• Remember the ultimate goal is to help as many people as possible get to Heaven. Earthly needs and problems are important. If we help solve those, but don’t teach anyone about what God wants for them and from them, we have failed as Christians. We cannot and should not ignore earthly needs, but we can’t let them distract us to the point where we forget eternity is forever and our primary goal should always be to help people spend eternity in Heaven.

Who knows what good works God has planned for your children? If you help them learn these truths when they are young though, it is much more likely they will help the world be more like God planned it to be.

5 Things Your Kids Should Improve This Summer

This summer is different than perhaps any other summer. The reasons behind the differences aren’t great. Many of the activities your children normally do during the summer have been cancelled or modified. Or maybe your kids will have the same summer they have every year.

Regardless, summer is a great time to focus on growth and improvement. This summer, we are encouraging young people in a pilot program to spend a little time each day trying to grow and/or improve in five different areas. We believe the same framework will work with your kids at home. Here are the five focus areas:

  • Soul. The activities in this area should help your kids learn about God and become the person He created them to be.
  • Mind. Mind activities revolve around learning new things and improving in academic areas where there are weaknesses.
  • Body. These activities should help your kids grow stronger and healthier.
  • Family. Family activities should involve spending quality time together or serving one another in some way. It’s about strengthening family bonds.
  • World. These activities should involve learning more about the world and its people. Hopefully, they will also involve developing empathy, serving others and learning how to share the Gospel message in effective ways.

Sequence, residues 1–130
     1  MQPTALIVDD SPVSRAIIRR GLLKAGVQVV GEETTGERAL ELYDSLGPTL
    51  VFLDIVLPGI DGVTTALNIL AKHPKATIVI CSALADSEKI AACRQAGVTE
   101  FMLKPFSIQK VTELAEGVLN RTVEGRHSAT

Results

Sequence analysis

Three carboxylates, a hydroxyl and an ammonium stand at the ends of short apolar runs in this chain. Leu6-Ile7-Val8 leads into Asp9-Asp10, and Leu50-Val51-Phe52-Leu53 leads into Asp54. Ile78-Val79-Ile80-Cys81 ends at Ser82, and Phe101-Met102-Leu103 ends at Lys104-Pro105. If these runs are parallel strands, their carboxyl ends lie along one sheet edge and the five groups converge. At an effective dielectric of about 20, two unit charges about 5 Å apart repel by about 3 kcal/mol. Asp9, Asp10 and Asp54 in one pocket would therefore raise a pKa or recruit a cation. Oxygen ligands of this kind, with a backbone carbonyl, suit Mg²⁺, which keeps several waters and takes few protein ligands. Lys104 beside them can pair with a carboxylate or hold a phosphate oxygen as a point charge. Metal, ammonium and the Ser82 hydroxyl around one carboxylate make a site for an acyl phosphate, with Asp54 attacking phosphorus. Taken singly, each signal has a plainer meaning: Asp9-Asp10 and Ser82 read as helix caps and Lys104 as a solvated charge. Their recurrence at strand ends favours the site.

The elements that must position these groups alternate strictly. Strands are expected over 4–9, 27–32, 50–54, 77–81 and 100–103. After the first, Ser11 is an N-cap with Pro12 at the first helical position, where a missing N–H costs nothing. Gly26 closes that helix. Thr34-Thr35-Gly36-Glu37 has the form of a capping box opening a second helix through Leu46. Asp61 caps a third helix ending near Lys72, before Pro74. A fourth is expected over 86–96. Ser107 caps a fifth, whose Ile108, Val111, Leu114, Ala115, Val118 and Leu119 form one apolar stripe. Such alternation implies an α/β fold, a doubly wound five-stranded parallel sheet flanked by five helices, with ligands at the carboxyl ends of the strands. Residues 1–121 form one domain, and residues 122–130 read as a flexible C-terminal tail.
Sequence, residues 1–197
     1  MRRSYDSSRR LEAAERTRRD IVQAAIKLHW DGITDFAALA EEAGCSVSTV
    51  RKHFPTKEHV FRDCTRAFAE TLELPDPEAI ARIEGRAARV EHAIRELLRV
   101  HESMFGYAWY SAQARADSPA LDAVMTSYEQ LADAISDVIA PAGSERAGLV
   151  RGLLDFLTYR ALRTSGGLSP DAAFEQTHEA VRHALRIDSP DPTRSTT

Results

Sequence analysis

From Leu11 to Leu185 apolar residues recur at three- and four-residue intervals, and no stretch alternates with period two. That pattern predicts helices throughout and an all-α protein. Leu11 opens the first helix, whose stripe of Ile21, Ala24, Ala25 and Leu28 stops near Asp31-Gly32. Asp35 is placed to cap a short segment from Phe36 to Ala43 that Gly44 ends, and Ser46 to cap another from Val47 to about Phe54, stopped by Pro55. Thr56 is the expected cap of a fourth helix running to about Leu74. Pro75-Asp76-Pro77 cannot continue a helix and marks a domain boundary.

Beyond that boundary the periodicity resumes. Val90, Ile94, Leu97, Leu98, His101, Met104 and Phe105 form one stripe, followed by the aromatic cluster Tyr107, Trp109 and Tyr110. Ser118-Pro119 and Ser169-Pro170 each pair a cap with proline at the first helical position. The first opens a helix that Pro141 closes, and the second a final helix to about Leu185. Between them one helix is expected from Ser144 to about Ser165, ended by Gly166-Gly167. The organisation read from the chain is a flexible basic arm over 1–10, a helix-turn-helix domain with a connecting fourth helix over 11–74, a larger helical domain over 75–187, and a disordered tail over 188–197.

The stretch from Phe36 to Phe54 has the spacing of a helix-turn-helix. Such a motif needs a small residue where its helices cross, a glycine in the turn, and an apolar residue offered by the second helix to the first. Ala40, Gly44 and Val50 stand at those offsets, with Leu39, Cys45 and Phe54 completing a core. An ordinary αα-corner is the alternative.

Don’t let your kids spend all of their summer on a screen. Encourage them to spend a few minutes of that time each day working on each of the five areas. You may all be pleasantly surprised what happens by the end of the summer!

Christian Parenting Challenges Week 3

We hope you are finding having a printable post with the previous week’s Christian parenting challenges makes it easier for you to do some of the challenges (or share them with others!). Here are the challenges from this week.

Monday: In this town, the children are responsible for answering the bell to raise the bridge when a boat needs to come through the canal. It’s a huge responsibility, but helps them grow and mature. It also gives them a sense of connection to their community and a sense of purpose. Your kids need roles that allow them to serve others. Roles that require them to be consistent, dependable and at times make sacrifices – putting the needs of others before their own desires. Give them or help them find their own ongoing responsibilities for serving others.

Tuesday: Cheese has an aging process. The maker does his job, but it’s not until the cheese has aged for a time that he knows whether his efforts were truly successful. Christian parenting can be like that. It may seem like you are working with your kids on the same things over and over with few results. That work you are putting in now may very well show results days, weeks, months, even years from now as your kids mature. Keep doing what you know God wants you to do to parent your kids towards Him. Don’t give up! The results may just amaze you!

Wednesday: In flowers you can see hints of what may be to come, but you don’t see the full realization until the bloom is fully open. The rest is just potential. Each of your kids has God given potential to learn about God, discover, develop and use their gifts to serve Him and grow to be the person He created them to be. Gift discovery is a huge part of Christian parenting. Unfortunately, most Christian parents aren’t aware of its importance in building a strong faith foundation and helping their kids grow to their godly potential. We have lots of blog posts on our website and you can search for them by typing in gifts, talents and service. Help your kids reach that gorgeous potential God gave them!